Labour leader Jeremy Corbyn has a long history of arguing against the Iraq War, demanding an inquiry and calling for Tony Blair to face justice. As the Chilcot Report is published, he may finally be vindicated.
As a founder of the Stop the War Coalition, Corbyn spoke at a series of anti-Iraq War demonstrations both in Britain and in the United States. He was also one of the organizers of the largest peace protest in Britain on February 15, 2003.
Corbyn was among the MPs who called for the investigation into the Iraq War that is now known as the Chilcot Inquiry.
In the soon-to-be-launched documentary on the decisions taken by then-Prime Minister Tony Blair, ‘We Are Many’, Corbyn angrily describes how MPs neglected the millions-strong anti-war movement and voted for intervention in Iraq regardless.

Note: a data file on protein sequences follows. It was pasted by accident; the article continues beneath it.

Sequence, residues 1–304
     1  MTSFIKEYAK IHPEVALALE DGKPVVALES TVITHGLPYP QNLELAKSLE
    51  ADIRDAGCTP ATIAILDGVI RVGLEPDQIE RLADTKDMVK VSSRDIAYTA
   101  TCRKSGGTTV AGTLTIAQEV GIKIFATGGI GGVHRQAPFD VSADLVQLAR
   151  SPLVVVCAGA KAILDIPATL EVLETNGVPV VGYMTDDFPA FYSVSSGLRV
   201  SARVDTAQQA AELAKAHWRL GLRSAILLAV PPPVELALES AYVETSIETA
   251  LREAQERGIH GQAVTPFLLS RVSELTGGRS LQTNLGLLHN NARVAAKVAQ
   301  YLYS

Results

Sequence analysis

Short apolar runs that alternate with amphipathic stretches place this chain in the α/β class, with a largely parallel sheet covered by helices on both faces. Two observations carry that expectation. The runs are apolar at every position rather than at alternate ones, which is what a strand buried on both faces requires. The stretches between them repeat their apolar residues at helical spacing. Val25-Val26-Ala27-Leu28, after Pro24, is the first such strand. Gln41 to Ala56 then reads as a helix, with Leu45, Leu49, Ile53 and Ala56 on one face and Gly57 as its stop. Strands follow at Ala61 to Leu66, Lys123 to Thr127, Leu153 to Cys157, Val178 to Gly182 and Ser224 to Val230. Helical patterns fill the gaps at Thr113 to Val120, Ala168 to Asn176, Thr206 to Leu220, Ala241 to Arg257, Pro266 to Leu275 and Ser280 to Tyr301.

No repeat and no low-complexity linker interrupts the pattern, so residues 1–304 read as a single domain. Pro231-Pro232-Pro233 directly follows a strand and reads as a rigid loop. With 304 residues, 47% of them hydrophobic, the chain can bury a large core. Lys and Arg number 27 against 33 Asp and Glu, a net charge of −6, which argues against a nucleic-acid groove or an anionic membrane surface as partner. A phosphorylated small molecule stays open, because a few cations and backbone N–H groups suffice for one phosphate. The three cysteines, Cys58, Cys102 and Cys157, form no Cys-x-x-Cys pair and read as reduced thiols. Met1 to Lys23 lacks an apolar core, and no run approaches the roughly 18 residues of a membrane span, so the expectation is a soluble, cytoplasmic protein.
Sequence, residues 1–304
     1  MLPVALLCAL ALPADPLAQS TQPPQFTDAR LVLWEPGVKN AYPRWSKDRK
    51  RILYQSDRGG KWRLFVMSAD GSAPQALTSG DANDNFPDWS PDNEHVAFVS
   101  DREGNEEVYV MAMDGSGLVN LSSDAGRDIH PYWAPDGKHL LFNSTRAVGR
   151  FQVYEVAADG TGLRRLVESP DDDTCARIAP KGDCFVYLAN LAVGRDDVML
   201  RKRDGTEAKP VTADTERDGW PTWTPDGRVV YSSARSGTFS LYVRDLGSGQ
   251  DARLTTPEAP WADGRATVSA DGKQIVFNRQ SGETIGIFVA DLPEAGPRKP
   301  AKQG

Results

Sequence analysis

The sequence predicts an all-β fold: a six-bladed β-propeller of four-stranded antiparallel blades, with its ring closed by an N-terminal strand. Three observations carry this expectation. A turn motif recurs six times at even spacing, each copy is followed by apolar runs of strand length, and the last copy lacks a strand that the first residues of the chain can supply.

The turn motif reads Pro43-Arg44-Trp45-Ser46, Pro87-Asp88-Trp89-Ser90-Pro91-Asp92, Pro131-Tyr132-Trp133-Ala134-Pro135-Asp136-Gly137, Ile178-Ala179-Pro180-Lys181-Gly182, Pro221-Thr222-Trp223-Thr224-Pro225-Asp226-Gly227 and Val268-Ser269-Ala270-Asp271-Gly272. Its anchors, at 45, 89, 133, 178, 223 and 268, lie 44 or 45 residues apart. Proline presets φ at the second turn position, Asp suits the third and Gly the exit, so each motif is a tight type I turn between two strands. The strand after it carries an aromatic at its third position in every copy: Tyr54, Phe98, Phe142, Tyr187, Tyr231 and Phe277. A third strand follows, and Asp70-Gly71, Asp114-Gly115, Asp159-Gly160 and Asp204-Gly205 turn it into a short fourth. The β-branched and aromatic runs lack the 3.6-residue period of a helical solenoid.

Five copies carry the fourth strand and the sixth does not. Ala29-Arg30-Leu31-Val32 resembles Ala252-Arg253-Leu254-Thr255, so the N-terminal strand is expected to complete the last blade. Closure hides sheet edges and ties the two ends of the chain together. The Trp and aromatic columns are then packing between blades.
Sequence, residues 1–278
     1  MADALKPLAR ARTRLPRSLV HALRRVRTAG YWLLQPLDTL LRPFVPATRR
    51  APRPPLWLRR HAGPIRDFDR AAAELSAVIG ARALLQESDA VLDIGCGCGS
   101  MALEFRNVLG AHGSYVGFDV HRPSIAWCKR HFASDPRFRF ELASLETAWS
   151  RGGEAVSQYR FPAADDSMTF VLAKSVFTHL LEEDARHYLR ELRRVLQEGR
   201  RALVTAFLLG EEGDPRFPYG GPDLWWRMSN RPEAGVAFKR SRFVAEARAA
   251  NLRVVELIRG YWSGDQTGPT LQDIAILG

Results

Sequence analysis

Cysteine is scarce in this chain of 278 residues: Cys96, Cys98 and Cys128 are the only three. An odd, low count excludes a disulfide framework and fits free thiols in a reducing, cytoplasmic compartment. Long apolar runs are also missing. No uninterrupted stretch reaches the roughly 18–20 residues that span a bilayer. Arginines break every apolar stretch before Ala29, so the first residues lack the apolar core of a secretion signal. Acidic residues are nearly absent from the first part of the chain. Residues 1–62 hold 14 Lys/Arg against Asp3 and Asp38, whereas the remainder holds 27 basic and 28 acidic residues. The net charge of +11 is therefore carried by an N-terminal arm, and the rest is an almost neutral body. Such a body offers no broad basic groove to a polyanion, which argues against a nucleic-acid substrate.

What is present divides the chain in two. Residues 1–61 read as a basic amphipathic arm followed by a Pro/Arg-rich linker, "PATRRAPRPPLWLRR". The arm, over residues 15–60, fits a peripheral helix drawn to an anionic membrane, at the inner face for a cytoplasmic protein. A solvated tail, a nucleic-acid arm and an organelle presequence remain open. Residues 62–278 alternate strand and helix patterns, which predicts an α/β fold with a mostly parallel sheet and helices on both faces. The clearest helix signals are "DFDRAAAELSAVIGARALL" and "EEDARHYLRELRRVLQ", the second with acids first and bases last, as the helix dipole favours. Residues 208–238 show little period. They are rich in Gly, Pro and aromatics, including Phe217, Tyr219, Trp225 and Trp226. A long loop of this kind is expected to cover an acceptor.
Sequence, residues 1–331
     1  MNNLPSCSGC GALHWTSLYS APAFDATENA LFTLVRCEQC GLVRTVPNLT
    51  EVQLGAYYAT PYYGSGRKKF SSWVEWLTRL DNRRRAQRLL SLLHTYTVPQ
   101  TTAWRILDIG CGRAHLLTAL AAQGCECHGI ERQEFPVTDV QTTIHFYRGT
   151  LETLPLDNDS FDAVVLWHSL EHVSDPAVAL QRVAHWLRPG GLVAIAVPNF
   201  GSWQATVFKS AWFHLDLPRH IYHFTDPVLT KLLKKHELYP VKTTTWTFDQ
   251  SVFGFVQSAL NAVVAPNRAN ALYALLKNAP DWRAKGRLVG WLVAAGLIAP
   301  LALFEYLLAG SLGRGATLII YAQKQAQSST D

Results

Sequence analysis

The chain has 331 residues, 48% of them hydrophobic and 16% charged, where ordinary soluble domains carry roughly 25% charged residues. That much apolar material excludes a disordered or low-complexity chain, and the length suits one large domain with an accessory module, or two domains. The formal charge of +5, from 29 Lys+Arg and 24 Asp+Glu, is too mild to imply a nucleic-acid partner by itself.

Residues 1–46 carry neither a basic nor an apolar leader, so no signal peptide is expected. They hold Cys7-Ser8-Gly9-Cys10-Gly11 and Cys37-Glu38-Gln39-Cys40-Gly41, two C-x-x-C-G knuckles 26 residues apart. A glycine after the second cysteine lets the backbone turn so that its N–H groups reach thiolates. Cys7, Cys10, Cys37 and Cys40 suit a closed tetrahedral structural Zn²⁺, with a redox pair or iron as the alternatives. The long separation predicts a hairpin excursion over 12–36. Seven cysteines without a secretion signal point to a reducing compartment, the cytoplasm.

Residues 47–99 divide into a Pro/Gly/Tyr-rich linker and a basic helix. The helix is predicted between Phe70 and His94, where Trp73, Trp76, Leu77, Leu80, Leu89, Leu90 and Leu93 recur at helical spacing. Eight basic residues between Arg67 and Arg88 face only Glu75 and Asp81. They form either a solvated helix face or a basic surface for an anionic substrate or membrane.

“All through the day MPs that were thought to be skeptical about the war were being hauled in to see Tony Blair or [former Chancellor] Gordon Brown,” he recounts.
“And Blair was sort of straight at them saying, ‘Ok, are you with me or against me?’ And there were all kinds of deals done no doubt.”
In a 2011 interview with RT, Corbyn said: “[The UK] has involved itself in what I believe to be an illegal invasion of another country. We’ve lost a considerable number of British soldiers, a much larger number of American soldiers and others have died, and tens of thousands of Iraqis, probably half a million Iraqis, have died as a result of this. And is the world a safer place? No. Is the threat of terrorism less? No. Is this a good way forward for international law? No.”
The so-called coup launched against Corbyn’s leadership last week was seen by commentators as a way to silence the Islington MP ahead of the publication of the Chilcot report. Corbyn has vowed to apologize in the name of his party once the inquiry results are made public, and is known to want to see heads roll for the 2003 decision.